Designing office space: Sustainability and energy efficiency
Office building clients demand sustainability, flexibility, and cost conservation in both new and existing buildings.
Michael F. Cooper, PE, LEED AP, Managing Principal, Harley Ellis Devereaux, Southfield, Mich.
Kurt Karnatz, PE, CEM, LEED AP, HBDP, HFDP, President, Environmental Systems Design Inc., Chicago
Kent W. Peterson, PE, FASHRAE, LEED AP BD+C, BEAP, Vice President/Chief Engineer, P2S Engineering Inc., Long Beach, Calif.
CSE: What software or systems do you use to model the energy consumption of the building?
Cooper: Initial predictive energy modeling is usually done with either the Trane Trace or Energy Pro software packages. We also utilize elements of the Green Builder software bundle to help conceptualize system requirements and performance in the early stages of design.
Peterson: Energy modeling is a powerful design tool to review the relative energy savings of various energy-saving features. We use a number of software platforms since one may be better than the others for a given project utilizing certain systems. I still believe the current state of energy modeling software is insufficient to predict actual energy use of a building but is adequate for comparing options to each other. We must also realize the energy models for building energy code compliance (Standard 90.1 or Title 24) prescribe the occupancy loading and building operating times to determine compliance with the energy codes. The results will not reflect how much energy the building will actually use.
Karnatz: We use multiple modeling engines to help us determine the performance and energy consumption of buildings including eQuest, COMcheck, HAPP, Trace, Window, Ecotect, Therm, Flo-Vent, and Vasari.
CSE: In general, what payback period do building owners expect from an office building?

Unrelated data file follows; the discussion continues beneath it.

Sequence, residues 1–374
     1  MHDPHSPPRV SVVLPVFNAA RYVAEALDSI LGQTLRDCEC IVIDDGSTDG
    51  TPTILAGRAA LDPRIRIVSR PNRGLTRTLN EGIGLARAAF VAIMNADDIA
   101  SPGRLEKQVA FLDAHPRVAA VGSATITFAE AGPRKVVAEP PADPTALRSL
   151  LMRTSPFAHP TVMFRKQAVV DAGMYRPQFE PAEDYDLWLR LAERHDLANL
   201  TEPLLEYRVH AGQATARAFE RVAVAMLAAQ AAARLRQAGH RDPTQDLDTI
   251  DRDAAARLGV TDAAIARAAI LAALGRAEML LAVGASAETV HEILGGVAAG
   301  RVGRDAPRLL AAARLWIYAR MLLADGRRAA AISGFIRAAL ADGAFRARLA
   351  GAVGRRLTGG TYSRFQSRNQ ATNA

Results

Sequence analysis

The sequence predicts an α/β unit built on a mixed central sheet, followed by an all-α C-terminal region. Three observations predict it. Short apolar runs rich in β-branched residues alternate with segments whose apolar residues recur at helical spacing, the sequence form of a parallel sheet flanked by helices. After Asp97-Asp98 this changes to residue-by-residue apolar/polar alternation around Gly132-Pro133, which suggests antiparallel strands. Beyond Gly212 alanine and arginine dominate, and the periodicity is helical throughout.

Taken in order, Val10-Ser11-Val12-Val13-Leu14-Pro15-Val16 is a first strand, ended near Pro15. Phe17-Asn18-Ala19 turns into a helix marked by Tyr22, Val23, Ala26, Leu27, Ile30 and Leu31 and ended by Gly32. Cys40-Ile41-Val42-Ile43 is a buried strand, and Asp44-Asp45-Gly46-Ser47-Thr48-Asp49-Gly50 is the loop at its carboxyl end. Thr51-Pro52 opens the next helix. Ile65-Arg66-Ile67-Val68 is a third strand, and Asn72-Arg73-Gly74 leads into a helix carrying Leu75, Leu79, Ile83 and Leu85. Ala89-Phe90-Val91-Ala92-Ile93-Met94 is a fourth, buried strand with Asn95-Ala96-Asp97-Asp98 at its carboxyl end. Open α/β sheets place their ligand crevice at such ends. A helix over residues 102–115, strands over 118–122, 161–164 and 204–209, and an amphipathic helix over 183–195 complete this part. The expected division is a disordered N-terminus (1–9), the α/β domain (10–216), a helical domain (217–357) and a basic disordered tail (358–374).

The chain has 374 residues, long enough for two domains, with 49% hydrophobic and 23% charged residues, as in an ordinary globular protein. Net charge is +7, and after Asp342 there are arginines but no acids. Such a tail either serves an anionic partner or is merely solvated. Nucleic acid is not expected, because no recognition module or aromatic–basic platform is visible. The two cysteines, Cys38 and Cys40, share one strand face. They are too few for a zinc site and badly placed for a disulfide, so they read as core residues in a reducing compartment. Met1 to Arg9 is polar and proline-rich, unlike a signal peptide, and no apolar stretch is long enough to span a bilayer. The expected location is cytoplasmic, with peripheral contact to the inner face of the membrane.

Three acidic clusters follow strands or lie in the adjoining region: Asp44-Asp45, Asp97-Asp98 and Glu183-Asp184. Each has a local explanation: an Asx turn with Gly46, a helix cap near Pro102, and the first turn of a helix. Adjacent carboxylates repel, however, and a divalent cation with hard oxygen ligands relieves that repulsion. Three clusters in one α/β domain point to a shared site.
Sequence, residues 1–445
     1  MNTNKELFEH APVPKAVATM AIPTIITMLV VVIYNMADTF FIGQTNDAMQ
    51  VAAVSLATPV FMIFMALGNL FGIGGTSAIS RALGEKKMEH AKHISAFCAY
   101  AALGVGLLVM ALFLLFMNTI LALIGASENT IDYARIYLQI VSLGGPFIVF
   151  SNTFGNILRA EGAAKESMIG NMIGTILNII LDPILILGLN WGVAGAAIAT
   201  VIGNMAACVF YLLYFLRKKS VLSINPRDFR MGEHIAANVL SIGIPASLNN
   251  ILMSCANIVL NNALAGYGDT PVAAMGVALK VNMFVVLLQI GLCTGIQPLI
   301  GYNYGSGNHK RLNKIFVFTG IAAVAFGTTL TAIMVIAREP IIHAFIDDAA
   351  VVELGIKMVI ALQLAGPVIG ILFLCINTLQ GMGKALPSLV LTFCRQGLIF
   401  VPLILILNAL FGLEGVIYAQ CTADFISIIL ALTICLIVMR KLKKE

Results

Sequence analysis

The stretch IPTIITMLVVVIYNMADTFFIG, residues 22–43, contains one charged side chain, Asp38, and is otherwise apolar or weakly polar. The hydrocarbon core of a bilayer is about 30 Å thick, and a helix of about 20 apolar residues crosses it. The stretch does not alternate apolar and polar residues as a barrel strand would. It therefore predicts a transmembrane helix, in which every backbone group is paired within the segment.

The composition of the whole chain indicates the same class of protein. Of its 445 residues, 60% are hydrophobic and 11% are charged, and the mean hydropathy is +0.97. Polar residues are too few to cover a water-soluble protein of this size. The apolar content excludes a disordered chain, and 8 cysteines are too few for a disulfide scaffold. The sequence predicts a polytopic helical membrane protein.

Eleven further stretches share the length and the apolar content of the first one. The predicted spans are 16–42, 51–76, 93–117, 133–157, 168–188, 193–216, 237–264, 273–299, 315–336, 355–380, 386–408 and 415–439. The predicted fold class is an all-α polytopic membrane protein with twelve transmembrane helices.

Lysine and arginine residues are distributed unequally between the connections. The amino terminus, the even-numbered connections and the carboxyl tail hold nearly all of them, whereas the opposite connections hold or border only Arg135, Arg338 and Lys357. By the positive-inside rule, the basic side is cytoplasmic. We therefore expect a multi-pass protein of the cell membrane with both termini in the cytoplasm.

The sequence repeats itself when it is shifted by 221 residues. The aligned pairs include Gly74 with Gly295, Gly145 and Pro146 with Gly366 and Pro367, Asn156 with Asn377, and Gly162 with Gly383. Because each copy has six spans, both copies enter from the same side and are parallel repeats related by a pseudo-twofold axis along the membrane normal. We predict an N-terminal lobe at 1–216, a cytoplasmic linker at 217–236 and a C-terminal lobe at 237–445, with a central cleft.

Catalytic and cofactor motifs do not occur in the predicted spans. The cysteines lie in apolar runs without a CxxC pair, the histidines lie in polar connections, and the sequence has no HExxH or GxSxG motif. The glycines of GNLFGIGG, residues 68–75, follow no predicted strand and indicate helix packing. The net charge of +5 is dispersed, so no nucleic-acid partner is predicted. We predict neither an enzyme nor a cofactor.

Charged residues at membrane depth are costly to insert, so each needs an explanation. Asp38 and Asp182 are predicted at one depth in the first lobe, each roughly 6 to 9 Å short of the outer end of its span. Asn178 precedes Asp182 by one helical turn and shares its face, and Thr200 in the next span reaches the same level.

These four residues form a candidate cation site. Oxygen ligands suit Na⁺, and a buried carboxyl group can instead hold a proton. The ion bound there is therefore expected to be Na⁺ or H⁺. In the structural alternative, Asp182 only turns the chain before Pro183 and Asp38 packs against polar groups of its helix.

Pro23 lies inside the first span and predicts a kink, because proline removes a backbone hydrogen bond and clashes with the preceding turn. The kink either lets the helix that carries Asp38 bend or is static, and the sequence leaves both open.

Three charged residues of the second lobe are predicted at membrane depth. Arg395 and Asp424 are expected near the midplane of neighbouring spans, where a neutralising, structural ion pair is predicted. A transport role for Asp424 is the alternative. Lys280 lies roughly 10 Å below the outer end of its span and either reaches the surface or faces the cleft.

Karnatz: Typically our office building owners are looking for quick payback windows in the range of three to seven years.
Peterson: In our experience, office building owners are typically looking for three-year paybacks.
Cooper: Though expected payback varies based on the type of building owner (developer, owner, owner/tenant, etc.), “as soon as possible” remains the common denominator. In general, we see expectations on the order of five to seven years, but design buildings to achieve the most aggressive payback possible. It is important that such economic modeling is done early in the design process so that financial objectives are in alignment with the technical goals of the project.
CSE: Describe window treatments (glazing, louvers, etc.) you have recently designed.
Karnatz: When designing regionally, it is important to look at opportunities that the site provides to the building. Controlling direct sunlight on and into the building is important in minimizing building envelope loads while maximizing daylight capture. We use both passive and active shading strategies such as high-efficiency glass systems, exterior shading, interior mechanized shades, and light shelves.
Cooper: Window treatments, like most building elements, are features that are integral to the building design as a whole. We utilize glazing, window surface texture, louvers, light shelves, solar film, and other materials as part of comprehensive building solutions.
CSE: Describe any energy modeling you’ve used to design new office space. What programs did you use? What were the results?
Cooper: As stated, Trane Trace and Energy Pro regularly are used for modeling of new office space. Comparative evaluations of proposed building solutions are made with not only HVAC systems, but lighting and envelope as well. Results are good and getting better. As energy modeling software, building information modeling, building materials, and construction techniques are improving, our ability to more accurately predict energy consumption in new buildings is also improving.
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